The CRTC hearing on ISP traffic management practices has just ended. It provided no reason for optimism about development of a next-generation broadband infrastructure in this country, a resource that could bring unprecedented benefits to the entire economy. Instead, this proceeding and the new media proceeding treated regulation of the Internet as an exercise in damage control, and the advent of broadband as a nuisance that’s getting in the way of Canadian culture.
The Commission, the big ISPs and constituencies such as the cultural lobbies just don’t get it. For all their differences of opinion about the details, they share the view that the Internet is just another form of broadcasting. I’m particularly stunned that some of our most sophisticated and articulate fellow citizens, such as performers represented by ACTRA, see the Web strictly as a mechanism for job creation – jobs for them, not the rest of us.
The irony is that the more the cultural lobbies cry foul over the Commission’s refusal to replicate the broadcasting system online, the more the big ISPs and BDUs will succeed in getting their quid pro quo – permanent privatization of the Internet, with them playing the leading role of gatekeepers, just like in the broadcasting system. That will do nothing to further the public interest, or the interests of the cultural community.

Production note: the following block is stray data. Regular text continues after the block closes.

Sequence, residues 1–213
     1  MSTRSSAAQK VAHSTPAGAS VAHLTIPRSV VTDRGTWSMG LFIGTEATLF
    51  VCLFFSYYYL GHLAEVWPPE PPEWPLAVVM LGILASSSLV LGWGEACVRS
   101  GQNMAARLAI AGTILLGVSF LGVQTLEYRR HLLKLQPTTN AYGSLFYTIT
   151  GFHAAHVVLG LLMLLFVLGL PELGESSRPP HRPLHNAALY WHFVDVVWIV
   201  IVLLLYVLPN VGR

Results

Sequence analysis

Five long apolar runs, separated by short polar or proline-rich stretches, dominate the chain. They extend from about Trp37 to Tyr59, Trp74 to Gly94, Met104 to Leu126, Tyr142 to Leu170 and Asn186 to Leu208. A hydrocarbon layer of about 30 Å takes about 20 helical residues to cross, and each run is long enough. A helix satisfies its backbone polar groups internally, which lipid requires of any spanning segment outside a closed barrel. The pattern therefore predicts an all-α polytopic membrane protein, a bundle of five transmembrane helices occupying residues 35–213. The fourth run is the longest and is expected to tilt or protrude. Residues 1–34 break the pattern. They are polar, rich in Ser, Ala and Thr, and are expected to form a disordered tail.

Is there a better way?
In his first speech to the troops two weeks ago, incoming FCC chairman Julius Genachowski outlined his major goals for the agency. At the very top of the list he’s put the promotion of “universal broadband that’s robust, affordable and open.”
Not that the Obama administration is waiting for Genachowski to settle in. This summer, the National Telecommunications and Information Administration (part of the Department of Commerce) and the Department of Agriculture’s Rural Utilities Service (RUS) are rolling out workshops and presentations around the country. They’re designed to provide first-hand help in applying for broadband grants and loans funded by the $4 billion allocation under the Recovery Act. American officials aren’t just “consulting” the citizenry. They’re rolling up their sleeves and explaining face to face how regular folks can benefit from next-gen broadband. The whole initiative – up on a site called Broadband USA – looks very thorough and well thought out.
It’s true the CRTC recognized in the new media decision that it has outlived its statutory mandate and recognized the need for a national digital strategy. But the more I listen to the national debate, the more I feel the Commission made a fatal error in deciding that its review would be confined to so-called “professional” content, while content of a personal nature was excluded.
The Commission may have been obliged to do so under the enabling legislation. But its decision has had a very unfortunate, if unintended consequence. Despite the fact that the 2008-11 proceeding was strictly about new media broadcasting, it’s now treated as a landmark dialogue about the future of the Internet in Canada. It was, of course, no such thing. In fact, I’d go further and say that the two proceedings – on new media and ISP traffic managment – have done affirmative damage by undercutting the prospects for a serious debate about Canada’s real-life Internet and the need for long-range, visionary thinking about next-gen broadband.